When you use a general TLD, this is what happens. You can still choose to target a specific country or just leave it at default and target the whole globe.
You might rank well and appear on the first page of Google when users search from Nigeria using google.com.ng. But when someone from the US uses google.com, you might be sitting on the 5th page of SERP. If your content isn’t restricted to your country of origin, you are losing lots of traffic and money.
This has been my experience. After making the switch, I lost a great deal of traffic since the content on this blog is not strictly Nigerian. Articles that are supposed to be sitting on the first page of Google are buried deep in the 2nd or 3rd page.
Why go back to the old name?
Well, I could’ve bought a new .com domain name instead of going back to the first domain name, right? Well, I had no intentions of starting from the bottom with zero domain authority and absolutely no link juice. The name I would’ve gone for was already in use. The old domain name (doncaprio.com) still has great backlinks from high DA sites like Mashable, Zdnet, and a few others.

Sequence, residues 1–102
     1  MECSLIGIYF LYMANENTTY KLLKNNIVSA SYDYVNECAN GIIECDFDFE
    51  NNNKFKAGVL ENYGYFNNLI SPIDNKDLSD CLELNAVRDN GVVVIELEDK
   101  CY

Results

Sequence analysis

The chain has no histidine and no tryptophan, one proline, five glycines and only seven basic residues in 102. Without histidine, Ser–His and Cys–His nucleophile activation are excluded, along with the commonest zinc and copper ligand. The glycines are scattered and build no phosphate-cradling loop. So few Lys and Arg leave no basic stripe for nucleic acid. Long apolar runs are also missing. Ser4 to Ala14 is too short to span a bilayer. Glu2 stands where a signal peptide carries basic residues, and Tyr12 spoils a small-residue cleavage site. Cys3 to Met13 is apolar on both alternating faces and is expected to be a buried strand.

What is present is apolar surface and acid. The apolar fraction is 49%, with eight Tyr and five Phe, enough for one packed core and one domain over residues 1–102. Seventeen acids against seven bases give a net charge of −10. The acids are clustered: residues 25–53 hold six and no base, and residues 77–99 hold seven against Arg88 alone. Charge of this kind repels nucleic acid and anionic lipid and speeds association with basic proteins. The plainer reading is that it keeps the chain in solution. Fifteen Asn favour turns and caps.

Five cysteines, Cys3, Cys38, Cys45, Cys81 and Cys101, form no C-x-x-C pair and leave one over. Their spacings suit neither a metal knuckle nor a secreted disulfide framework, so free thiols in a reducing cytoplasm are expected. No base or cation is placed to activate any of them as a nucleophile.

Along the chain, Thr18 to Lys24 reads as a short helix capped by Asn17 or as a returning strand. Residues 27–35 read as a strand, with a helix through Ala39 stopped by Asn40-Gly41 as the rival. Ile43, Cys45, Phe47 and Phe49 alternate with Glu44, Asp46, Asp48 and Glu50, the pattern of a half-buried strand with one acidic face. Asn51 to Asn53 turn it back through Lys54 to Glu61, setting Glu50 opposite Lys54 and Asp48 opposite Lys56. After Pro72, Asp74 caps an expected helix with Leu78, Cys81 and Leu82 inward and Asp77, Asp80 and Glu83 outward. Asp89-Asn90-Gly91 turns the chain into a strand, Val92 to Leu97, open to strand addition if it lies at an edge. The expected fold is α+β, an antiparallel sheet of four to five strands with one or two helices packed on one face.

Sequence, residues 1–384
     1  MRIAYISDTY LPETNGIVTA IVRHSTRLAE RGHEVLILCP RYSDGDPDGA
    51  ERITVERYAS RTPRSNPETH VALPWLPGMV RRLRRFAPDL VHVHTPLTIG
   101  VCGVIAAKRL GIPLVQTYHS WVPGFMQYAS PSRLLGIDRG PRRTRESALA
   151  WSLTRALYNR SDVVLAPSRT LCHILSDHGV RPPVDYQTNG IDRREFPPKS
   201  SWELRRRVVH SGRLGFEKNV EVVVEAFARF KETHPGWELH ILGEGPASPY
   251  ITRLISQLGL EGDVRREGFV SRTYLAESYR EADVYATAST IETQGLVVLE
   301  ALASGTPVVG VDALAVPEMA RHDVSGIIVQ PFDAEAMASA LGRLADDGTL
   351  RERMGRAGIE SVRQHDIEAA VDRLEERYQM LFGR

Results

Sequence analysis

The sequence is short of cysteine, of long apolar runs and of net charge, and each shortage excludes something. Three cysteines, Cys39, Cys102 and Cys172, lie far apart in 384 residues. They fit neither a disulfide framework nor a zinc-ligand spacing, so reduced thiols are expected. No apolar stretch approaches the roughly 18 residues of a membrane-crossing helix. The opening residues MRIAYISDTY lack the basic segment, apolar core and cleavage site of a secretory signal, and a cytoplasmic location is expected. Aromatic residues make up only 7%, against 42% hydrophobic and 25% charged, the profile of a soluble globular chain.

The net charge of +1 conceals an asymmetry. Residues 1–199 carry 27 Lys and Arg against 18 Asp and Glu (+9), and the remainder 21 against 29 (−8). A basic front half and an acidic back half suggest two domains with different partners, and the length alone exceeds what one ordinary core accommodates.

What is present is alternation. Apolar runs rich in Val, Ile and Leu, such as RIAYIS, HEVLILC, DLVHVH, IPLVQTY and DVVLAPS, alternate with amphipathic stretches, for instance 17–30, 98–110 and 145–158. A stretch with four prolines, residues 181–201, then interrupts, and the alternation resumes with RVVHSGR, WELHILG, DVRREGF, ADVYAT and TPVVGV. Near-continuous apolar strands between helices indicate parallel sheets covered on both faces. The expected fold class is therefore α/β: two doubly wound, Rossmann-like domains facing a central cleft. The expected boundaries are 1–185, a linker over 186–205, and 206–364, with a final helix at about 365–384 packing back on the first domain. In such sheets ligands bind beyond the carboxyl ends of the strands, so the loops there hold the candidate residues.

I chose to ignore the fact that the name sounds bogus and it’s too personal. Hongkiat and Labnol have been doing great for years.
I chose to ignore the fact the domain name has no keyword. This is not 2005 when all that mattered for SEO.
It still has some solid weight and ever since I made the switch, it appears my international traffic is getting back on track.
Here is the bottom line: Don’t use a ccTLD unless you’re are a Lagos plumber or an Oshogbo bricklayer. You can still get a .com domain name and target your country if you have to. In Mr. Mo’s words, “Open your business to the world. Adopt global standards. Rise above your locality.”